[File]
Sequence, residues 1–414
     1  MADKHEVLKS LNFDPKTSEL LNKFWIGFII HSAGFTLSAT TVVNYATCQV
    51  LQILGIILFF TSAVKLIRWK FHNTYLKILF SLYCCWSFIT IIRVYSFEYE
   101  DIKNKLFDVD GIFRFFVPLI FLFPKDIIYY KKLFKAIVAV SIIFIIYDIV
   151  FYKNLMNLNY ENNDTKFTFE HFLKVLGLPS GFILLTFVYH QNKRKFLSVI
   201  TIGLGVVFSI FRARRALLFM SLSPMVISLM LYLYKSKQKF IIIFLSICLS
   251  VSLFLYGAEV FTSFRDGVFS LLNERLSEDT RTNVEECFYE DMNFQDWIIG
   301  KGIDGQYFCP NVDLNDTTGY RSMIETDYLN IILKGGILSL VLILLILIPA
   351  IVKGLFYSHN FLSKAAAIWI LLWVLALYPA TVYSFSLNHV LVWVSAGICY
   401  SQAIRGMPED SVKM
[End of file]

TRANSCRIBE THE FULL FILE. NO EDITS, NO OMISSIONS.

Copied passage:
Sequence, residues 1–414
     1  MADKHEVLKS LNFDPKTSEL LNKFWIGFII HSAGFTLSAT TVVNYATCQV
    51  LQILGIILFF TSAVKLIRWK FHNTYLKILF SLYCCWSFIT IIRVYSFEYE
   101  DIKNKLFDVD GIFRFFVPLI FLFPKDIIYY KKLFKAIVAV SIIFIIYDIV
   151  FYKNLMNLNY ENNDTKFTFE HFLKVLGLPS GFILLTFVYH QNKRKFLSVI
   201  TIGLGVVFSI FRARRALLFM SLSPMVISLM LYLYKSKQKF IIIFLSICLS
   251  VSLFLYGAEV FTSFRDGVFS LLNERLSEDT RTNVEECFYE DMNFQDWIIG
   301  KGIDGQYFCP NVDLNDTTGY RSMIETDYLN IILKGGILSL VLILLILIPA
   351  IVKGLFYSHN FLSKAAAIWI LLWVLALYPA TVYSFSLNHV LVWVSAGICY
   401  SQAIRGMPED SVKM